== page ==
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CDC reports increase of obesity rate


ATLANTA The proportion of U.S. adults who are obese increased to 26.1% in 2008, compared with 25.6% in 2007, the Centers for Disease Control and Prevention revealed.

“Obesity is a major risk factor for many chronic diseases, such as heart disease and diabetes,” stated William Dietz, director of the CDC’s Division of Nutrition, Physical Activity and Obesity. “As obesity increases among all age groups, we are seeing chronic diseases in much younger adults compared to a few decades ago. ... For example, we now see young adults who suffer from heart disease risk factors and other conditions such as Type 2 diabetes that were unheard of in the past.”

In six states – Alabama, Mississippi, Oklahoma, South Carolina, Tennessee and West Virginia – adult obesity prevalence was 30% or more. Thirty-two states, including those six, had obesity prevalence of 25% or more. Only one state, Colorado, had a prevalence of obesity less than 20%. But no state showed a significant decrease in obesity prevalence from 2007 to 2008.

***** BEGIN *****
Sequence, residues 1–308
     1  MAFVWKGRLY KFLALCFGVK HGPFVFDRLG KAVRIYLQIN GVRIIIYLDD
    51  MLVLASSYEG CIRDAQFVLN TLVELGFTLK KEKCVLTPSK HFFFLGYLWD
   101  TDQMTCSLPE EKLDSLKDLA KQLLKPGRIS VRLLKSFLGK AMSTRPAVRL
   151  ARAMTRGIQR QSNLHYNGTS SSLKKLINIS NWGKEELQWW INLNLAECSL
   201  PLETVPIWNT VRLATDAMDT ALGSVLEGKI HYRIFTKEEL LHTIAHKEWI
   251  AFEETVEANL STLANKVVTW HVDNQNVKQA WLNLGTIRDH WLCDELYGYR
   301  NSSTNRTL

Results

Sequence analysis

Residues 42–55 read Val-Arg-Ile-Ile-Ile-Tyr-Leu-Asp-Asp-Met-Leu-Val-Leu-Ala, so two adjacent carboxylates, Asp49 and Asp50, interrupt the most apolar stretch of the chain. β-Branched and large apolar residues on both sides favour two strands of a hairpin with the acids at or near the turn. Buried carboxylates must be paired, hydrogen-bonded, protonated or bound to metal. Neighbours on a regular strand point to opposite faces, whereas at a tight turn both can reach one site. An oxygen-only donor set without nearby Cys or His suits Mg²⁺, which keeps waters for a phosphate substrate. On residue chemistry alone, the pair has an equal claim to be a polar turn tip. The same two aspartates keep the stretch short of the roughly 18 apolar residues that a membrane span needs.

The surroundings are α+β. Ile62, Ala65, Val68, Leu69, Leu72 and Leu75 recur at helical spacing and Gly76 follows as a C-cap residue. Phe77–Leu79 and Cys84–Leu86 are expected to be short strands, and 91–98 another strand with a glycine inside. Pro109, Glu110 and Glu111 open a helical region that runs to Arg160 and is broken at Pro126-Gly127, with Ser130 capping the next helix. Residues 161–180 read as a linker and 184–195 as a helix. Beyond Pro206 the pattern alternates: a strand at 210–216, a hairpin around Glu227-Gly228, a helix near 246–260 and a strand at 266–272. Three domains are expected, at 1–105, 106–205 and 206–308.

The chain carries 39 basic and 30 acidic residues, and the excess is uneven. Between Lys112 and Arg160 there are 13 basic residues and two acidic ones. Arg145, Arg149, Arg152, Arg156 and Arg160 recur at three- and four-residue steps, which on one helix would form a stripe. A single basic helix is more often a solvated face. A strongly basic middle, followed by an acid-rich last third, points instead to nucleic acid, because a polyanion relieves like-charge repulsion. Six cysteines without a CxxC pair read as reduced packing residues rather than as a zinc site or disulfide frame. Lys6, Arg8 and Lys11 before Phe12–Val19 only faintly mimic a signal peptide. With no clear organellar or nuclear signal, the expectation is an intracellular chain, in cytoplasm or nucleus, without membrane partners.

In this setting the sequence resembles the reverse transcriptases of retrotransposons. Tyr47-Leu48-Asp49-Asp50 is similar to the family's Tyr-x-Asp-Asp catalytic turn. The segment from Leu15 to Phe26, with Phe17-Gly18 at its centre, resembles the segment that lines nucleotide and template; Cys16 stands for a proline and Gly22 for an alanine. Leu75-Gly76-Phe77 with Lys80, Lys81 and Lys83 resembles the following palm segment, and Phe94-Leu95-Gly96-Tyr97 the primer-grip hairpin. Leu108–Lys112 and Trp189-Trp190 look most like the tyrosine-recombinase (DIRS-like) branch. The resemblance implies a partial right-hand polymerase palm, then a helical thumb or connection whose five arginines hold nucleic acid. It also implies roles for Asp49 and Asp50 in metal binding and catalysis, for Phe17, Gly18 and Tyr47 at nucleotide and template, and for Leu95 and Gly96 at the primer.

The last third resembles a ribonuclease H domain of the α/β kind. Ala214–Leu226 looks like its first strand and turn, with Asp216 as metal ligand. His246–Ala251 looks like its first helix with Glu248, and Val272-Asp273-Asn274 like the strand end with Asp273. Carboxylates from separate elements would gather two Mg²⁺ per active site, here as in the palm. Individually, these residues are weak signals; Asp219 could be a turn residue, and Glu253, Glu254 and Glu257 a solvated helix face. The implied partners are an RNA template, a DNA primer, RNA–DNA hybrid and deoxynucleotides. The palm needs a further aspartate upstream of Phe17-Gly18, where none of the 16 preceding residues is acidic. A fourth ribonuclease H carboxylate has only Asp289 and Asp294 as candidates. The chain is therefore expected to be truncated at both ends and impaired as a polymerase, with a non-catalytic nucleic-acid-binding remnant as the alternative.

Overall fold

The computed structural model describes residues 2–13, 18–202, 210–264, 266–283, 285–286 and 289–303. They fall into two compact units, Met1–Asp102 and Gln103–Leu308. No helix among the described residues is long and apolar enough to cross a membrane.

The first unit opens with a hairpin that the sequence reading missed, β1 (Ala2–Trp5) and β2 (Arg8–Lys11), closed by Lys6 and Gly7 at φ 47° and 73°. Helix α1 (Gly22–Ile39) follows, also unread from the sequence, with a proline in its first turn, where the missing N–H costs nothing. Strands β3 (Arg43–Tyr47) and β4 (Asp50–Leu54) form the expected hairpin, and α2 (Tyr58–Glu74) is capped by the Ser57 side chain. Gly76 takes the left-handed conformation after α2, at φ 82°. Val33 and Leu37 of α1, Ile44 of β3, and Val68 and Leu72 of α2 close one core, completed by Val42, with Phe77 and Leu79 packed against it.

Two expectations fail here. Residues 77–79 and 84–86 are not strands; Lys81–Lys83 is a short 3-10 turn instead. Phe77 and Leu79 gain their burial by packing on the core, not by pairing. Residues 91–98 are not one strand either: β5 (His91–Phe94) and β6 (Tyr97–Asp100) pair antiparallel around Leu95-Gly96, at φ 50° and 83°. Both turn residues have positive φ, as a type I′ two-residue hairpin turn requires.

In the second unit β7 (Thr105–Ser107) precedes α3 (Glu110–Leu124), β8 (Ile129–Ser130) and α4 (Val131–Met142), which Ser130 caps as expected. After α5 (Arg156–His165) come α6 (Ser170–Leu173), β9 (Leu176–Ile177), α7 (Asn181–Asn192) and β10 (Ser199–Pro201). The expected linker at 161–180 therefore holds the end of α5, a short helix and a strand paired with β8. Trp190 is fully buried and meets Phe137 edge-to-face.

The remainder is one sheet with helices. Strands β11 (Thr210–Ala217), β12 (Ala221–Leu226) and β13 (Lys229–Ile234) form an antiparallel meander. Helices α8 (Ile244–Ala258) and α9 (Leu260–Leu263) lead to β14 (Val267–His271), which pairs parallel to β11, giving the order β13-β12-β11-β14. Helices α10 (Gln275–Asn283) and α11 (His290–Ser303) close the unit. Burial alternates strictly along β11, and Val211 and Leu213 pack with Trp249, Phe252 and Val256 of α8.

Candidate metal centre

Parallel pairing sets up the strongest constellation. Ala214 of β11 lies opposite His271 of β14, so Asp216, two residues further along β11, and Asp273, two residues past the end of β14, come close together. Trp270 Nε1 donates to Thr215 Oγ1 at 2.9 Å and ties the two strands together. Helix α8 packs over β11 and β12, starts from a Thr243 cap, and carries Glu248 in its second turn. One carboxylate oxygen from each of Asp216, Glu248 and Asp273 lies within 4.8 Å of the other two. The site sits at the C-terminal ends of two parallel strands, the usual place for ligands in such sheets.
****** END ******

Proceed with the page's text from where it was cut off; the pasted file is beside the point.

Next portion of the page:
The data comes from the CDC’s Behavioral Risk Factor Surveillance System, a state-based phone survey that collects health information from adults ages 18 years and over.

The 2008 BRFSS obesity data indicated that none of the 50 states or the District of Columbia achieved the Healthy People 2010 goal of reducing obesity prevalence to 15% or less. “The latest BRFSS survey data show that the obesity problem in this country is getting worse,” commented Liping Pan, CDC epidemiologist and lead author of the 2008 BRFSS obesity map analysis. “If this trend continues, we will likely see increases in healthcare costs for obesity-related diseases.”

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